He signed a minor league contract with the San Francisco Giants organization after the 2005 season and was brought to spring training in 2006 as a non-roster invitee. Following a strong spring training performance, Wright was promoted to the major league roster and named the team's number five starter, beating out Kevin Correia and Brad Hennessey for the job. On August 10, Wright was taken out of the rotation, replaced by Hennessey. Overall he appeared in 34 games, making 21 starts in 2006 with a 6-10 record and 5.19 ERA.
On November 1, 2006, the Giants declined their option on Wright for the 2007 season, making him a free agent. On January 25, 2007, he signed a minor league contract with an invitation to spring training with the Texas Rangers. Wright made one short start for the Rangers before being placed on the 15-day DL. Kameron Loe claimed his spot in the rotation. However, after returning from the DL, Wright returned to the rotation. In 2 seasons with the Rangers, he was 12-12 with a 4.41 ERA, pitching primarily out of the bullpen for the first time in his career.
On February 10, 2009, Wright signed a minor league contract with the Royals and was invited to spring training. As a key member of the Royals bullpen, he was 3-5 with a 4.33 ERA in 65 games.
On February 9, 2010, Wright signed a minor league contract with the Cleveland Indians with an invitation to spring training. In 18 appearances he was 1-2 with a 5.48 ERA. On June 4, 2010, the Indians designated Wright for assignment.
On July 15, he signed with the Seattle Mariners and was added to the major league roster. In 60 games, he was 2-3 with a 3.16 ERA. He became a free agent after the season.
On February 7, 2012 Wright signed a minor league contract with the Los Angeles Dodgers, that contained a spring training invitation. On March 27 he was added to the teams 40 man roster and informed that he would make the opening day roster. He appeared in 66 games for the Dodgers, with a 5-3 record and 3.72 ERA.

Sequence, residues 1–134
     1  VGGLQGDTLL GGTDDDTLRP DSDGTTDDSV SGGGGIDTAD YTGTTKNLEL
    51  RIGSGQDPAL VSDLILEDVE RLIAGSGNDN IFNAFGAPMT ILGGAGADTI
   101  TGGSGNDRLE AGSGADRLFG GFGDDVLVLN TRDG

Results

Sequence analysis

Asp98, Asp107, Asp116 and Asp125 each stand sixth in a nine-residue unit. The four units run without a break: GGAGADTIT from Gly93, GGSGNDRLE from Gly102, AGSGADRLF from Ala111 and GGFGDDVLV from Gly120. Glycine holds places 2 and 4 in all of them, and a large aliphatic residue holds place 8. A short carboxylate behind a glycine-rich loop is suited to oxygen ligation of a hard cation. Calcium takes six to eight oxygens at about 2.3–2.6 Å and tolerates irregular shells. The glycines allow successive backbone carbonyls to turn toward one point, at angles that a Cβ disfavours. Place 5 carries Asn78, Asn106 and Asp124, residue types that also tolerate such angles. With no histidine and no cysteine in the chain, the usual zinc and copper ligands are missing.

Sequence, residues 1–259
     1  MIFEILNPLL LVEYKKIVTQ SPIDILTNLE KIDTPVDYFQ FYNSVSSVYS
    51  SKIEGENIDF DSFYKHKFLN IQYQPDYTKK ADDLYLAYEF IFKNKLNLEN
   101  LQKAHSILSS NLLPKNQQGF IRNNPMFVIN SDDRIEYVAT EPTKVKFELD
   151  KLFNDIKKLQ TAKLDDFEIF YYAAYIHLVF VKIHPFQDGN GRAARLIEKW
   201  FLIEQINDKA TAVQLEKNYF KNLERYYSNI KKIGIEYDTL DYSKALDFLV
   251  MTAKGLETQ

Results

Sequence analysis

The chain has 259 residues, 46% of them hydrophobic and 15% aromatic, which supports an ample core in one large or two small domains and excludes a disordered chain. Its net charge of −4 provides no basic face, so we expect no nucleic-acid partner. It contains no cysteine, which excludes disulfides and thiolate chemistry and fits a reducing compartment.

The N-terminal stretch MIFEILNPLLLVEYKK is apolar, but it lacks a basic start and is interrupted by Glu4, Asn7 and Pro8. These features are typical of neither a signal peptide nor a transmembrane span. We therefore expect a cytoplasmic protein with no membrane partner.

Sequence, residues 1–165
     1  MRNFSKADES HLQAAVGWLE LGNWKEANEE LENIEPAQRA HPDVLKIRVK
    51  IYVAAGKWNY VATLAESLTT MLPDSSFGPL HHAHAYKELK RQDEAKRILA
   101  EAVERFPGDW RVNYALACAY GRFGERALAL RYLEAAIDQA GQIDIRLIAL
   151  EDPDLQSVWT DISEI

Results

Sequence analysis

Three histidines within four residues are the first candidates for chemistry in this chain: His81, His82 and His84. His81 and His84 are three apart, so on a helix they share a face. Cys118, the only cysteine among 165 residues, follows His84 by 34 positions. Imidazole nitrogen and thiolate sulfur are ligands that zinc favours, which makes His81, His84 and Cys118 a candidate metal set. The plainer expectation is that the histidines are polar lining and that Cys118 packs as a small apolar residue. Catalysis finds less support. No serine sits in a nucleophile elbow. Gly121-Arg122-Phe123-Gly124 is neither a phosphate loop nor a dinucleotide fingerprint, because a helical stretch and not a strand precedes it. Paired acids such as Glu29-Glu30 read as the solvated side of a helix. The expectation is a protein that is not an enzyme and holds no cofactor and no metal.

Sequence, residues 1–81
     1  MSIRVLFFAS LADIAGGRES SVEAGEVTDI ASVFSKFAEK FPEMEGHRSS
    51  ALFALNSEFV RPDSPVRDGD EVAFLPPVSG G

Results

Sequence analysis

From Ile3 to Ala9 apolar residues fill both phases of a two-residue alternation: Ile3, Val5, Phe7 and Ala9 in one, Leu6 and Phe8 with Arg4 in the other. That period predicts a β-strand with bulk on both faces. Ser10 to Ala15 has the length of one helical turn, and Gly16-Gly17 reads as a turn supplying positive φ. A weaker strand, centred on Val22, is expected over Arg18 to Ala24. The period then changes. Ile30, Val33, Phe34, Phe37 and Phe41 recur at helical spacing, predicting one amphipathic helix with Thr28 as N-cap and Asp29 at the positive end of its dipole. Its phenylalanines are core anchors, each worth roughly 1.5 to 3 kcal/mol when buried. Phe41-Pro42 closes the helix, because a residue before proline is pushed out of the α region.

On January 22, 2013, Wright signed a minor league contract with the Tampa Bay Rays1 He managed to make the opening day roster, and finished 2-2 with a 3.09 ERA in 66 appearances. This was the eighth straight season that Wright had gone to camp as a NRI and made the opening day roster.
On December 24, 2013, the Dodgers announced that they had signed Wright to a one-year Major League contract, breaking his streak of non roster invitations.
Wright is a sinkerballer. He throws his sinker at 90–93 mph, averaging about 92. He also throws a cut fastball at 88–90 mph and an occasional four-seamer in the low 90s. His main breaking ball is a sharp curveball around 77–81 mph. Prior to the 2011 season, he threw a changeup. In 2012, he added a slider in the mid 80s to his repertoire against right-handed hitters.
Wright relies heavily on his excellent curveball in 2-strike counts. Through the first three months of the 2012 season, it achieved a ground ball/fly ball ratio of 13 to 1 and a whiff rate of more than 40%.2
Wright and his wife, Marnie, have one daughter, Presley and sons, Jett Allen and Kingston Cash Wright. Wright graduated from Westmoore High School in Moore, Oklahoma.
- "Brooks Baseball · Home of the PitchFX Tool - Player Card: Jamey Wright". Brooks Baseball. Retrieved 3 July 2012.
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- Career statistics and player information from MLB, or ESPN, or Baseball-Reference, or Fangraphs, or The Baseball Cube, or Baseball-Reference (Minors)